Whārangi 1: Biography
Naval seaman, Victoria Cross winner, goldminer, farmer
I tuhia tēnei haurongo e Denis Fairfax, ā, i tāngia tuatahitia ki Ngā Tāngata Taumata Rau i te 1990.
Samuel Mitchell was born on 8 September 1841, at Aspley, near Woburn, Bedfordshire, England, the son of William Mitchell, a labourer and later a Wesleyan minister, and his wife, Eleanor Field. Mitchell entered the Royal Navy as a naval apprentice in August 1857. He served in the ships Crocodile and Excellent, before joining the screw sloop Harrier in August 1860, and sailing from Portsmouth for the Australia station in December of the same year. He was soon made the captain's coxswain and captain of the mizentop, and later advanced to captain of the foretop. By 1865 he was boatswain's mate.
The Harrier was in New Zealand waters in 1861–62 (New Zealand became the focus of the Australian squadron's activities in the early 1860s), and its first action was an armed reconnaissance up the Waikato River in late 1863. Mitchell then served in the naval brigade, formed from the men of the squadron, which took part in the Waikato campaign, including the battle of Rangiriri in November 1863.
Active operations in Waikato ceased in late 1863, and the squadron followed the British troops to Tauranga. On 29 April 1864 the Maori fortification at Pukehinahina, or the Gate Pa, on Tauranga Harbour, was attacked. An assault column, comprising a naval brigade and soldiers of the 43rd (Monmouthshire Light Infantry) Regiment, stormed the pa through a breach in its palisade. The force fell back within minutes under fire from concealed Ngai Te Rangi warriors, 'the men running away in an awful state of confusion.'
Edward Hay, the leader of the naval brigade and captain of the Harrier, fell mortally wounded. As Hay's coxswain, Mitchell had stayed close to him in the assault and carried Hay out through the rear of the pa under fire, even though Hay had ordered Mitchell to abandon him. For this act, Mitchell was awarded the Victoria Cross on 23 July 1864, and was promoted to petty officer, first class.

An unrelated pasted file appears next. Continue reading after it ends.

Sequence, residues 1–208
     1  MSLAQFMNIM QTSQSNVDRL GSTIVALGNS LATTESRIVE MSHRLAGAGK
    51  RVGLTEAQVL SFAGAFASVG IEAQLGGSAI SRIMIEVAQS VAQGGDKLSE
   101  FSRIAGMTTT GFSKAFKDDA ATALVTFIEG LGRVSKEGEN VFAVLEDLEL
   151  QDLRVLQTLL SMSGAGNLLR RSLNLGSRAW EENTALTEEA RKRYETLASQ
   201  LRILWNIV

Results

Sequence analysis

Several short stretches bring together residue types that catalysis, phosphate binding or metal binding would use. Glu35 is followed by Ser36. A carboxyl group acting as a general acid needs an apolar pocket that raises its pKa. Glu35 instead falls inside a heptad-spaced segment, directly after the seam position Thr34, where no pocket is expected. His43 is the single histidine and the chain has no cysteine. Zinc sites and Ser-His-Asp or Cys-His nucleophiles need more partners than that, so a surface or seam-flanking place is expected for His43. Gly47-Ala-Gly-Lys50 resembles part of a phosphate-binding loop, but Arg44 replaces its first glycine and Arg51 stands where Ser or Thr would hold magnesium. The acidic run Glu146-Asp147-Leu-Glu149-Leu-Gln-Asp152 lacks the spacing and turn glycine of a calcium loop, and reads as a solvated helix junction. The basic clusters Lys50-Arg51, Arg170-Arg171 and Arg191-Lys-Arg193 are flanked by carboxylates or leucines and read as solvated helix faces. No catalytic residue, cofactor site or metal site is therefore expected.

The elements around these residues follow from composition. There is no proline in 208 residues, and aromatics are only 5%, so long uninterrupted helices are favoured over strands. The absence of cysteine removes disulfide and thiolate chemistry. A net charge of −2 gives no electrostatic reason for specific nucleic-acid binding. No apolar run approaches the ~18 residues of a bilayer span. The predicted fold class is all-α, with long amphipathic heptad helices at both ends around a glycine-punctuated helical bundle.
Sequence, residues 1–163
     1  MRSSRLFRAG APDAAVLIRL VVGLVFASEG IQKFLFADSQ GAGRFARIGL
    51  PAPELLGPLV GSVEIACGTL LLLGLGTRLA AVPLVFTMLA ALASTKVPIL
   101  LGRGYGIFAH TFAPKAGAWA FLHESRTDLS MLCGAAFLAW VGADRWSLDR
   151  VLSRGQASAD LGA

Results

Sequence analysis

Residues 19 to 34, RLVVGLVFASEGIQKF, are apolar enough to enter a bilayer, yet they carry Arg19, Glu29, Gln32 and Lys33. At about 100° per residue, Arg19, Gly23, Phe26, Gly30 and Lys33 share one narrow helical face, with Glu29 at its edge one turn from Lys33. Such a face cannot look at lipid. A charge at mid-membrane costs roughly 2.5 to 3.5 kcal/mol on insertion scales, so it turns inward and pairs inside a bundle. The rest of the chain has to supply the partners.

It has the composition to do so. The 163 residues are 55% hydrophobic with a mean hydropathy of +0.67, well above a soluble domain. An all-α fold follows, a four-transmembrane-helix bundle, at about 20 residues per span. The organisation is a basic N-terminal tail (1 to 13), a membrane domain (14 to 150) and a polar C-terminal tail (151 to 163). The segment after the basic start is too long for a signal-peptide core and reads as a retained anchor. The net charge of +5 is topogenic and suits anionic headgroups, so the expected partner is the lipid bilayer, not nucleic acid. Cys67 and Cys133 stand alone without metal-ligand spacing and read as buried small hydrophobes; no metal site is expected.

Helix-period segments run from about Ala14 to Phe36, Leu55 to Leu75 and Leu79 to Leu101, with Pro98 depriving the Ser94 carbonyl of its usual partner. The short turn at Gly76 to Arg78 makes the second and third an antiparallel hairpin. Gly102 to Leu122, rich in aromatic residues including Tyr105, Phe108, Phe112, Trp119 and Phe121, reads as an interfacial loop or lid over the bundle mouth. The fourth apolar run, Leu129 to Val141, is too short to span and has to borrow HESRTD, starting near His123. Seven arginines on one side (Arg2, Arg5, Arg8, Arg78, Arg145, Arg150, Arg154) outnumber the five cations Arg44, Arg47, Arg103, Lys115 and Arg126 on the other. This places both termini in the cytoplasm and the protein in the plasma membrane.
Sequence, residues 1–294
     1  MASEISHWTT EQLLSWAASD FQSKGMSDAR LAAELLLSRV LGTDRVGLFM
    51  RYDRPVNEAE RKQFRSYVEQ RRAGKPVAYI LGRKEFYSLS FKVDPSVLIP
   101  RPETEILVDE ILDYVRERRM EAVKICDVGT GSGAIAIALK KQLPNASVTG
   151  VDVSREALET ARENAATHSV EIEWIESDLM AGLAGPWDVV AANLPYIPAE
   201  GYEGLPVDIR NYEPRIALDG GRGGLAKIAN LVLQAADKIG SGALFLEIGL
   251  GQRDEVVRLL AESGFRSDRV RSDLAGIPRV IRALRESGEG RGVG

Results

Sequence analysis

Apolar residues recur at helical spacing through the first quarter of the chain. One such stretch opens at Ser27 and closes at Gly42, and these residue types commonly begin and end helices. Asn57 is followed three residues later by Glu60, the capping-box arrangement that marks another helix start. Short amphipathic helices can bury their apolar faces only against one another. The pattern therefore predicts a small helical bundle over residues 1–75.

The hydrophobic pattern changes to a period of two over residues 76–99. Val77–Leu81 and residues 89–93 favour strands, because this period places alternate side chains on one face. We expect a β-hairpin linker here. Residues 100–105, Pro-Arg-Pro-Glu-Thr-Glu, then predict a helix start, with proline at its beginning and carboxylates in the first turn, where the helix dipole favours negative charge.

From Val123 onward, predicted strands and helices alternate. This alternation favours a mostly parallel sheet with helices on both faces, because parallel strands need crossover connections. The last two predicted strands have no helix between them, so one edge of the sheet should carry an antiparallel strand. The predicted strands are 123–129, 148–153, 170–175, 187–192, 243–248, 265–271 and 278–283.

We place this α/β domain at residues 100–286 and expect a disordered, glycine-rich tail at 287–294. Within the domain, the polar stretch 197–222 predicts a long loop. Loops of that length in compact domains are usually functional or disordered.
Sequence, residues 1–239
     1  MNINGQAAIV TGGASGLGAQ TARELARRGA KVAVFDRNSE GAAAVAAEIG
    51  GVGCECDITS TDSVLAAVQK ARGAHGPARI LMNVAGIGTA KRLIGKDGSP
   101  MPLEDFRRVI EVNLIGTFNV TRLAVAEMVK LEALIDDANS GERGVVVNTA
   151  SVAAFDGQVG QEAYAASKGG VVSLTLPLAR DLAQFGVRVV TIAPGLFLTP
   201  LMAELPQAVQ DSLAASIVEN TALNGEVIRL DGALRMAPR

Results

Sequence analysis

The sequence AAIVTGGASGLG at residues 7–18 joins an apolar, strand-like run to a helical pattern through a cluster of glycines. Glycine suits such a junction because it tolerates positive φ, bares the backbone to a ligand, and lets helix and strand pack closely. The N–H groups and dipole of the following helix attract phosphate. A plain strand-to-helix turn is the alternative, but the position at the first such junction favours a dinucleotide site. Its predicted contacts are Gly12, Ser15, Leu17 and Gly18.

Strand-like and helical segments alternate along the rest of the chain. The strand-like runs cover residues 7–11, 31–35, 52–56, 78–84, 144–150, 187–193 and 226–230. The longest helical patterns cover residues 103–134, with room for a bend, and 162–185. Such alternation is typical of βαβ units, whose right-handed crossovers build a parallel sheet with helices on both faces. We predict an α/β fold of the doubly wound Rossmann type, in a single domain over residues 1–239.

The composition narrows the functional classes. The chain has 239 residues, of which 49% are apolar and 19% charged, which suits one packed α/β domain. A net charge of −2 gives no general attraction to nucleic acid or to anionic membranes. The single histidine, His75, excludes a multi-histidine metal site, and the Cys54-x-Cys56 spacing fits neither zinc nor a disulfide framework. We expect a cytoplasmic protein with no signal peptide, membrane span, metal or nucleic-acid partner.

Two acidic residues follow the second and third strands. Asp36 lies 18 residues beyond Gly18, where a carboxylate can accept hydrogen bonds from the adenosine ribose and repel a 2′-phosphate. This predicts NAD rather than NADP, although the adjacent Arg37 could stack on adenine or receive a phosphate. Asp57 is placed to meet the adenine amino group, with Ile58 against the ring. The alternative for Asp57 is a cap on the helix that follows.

Accounts of the action imply that Mitchell alone rescued Hay. This may not have been so. One eyewitness noted that Hay was carried out by Mitchell and another soldier, and that a sailor, himself wounded, also assisted. However, the dying Hay 'particularly requested the Commodore to get something for Mitchell his coxswain'. Mitchell received his Victoria Cross from the governor of New South Wales at a public ceremony in the Sydney Domain on 24 September 1864.
Mitchell probably returned to England in the Harrier soon after the investiture, and in May 1865 obtained his discharge from the Royal Navy. He returned to New Zealand soon after to join the West Coast goldrush, and took up land on the Mikonui River, near Ross, south of Hokitika. He farmed there until his death. On 21 May 1870, at Ross, he married Agnes Ross. Mitchell became a prominent member of the small Mikonui community, and was an active freemason in Hokitika. He was physically strong, and an experienced ferryman. Surprisingly, he met his death, in March 1894, by drowning. His body was recovered from the Mikonui River on 16 March. He was survived by his wife and 10 children.
Mitchell's Victoria Cross had a curious history. It was left inside his sea-chest, which was lost in Sydney in 1864. Initial attempts to recover it were fruitless, and it was not until 1908 or 1909 that the decoration reappeared in the collection of an English army officer. Mitchell's descendants purchased it in 1928 for £70; it is now displayed in the West Coast Historical Museum in Hokitika.